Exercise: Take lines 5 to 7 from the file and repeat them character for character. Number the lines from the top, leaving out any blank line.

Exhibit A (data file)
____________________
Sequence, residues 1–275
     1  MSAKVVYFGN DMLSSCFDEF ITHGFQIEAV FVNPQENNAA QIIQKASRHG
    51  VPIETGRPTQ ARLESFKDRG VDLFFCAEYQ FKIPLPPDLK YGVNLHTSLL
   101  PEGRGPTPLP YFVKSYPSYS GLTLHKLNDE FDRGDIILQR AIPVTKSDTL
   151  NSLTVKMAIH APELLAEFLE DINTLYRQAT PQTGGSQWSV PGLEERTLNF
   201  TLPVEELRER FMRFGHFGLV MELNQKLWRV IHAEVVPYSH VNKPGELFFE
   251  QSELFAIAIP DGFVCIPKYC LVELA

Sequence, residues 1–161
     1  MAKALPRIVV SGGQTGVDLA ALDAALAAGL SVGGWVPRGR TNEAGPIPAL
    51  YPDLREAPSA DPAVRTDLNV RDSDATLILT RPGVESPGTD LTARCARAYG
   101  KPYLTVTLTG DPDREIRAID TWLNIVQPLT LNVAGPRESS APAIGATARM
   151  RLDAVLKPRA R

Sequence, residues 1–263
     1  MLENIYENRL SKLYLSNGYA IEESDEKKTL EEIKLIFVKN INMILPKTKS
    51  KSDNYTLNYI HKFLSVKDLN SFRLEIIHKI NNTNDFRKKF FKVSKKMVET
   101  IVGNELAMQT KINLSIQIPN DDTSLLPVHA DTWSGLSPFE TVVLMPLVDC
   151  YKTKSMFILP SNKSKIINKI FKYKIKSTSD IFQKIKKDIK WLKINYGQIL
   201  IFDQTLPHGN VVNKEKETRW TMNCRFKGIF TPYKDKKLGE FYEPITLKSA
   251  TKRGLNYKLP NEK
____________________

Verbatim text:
   151  NSLTVKMAIH APELLAEFLE DINTLYRQAT PQTGGSQWSV PGLEERTLNF
   201  TLPVEELRER FMRFGHFGLV MELNQKLWRV IHAEVVPYSH VNKPGELFFE
   251  QSELFAIAIP DGFVCIPKYC LVELA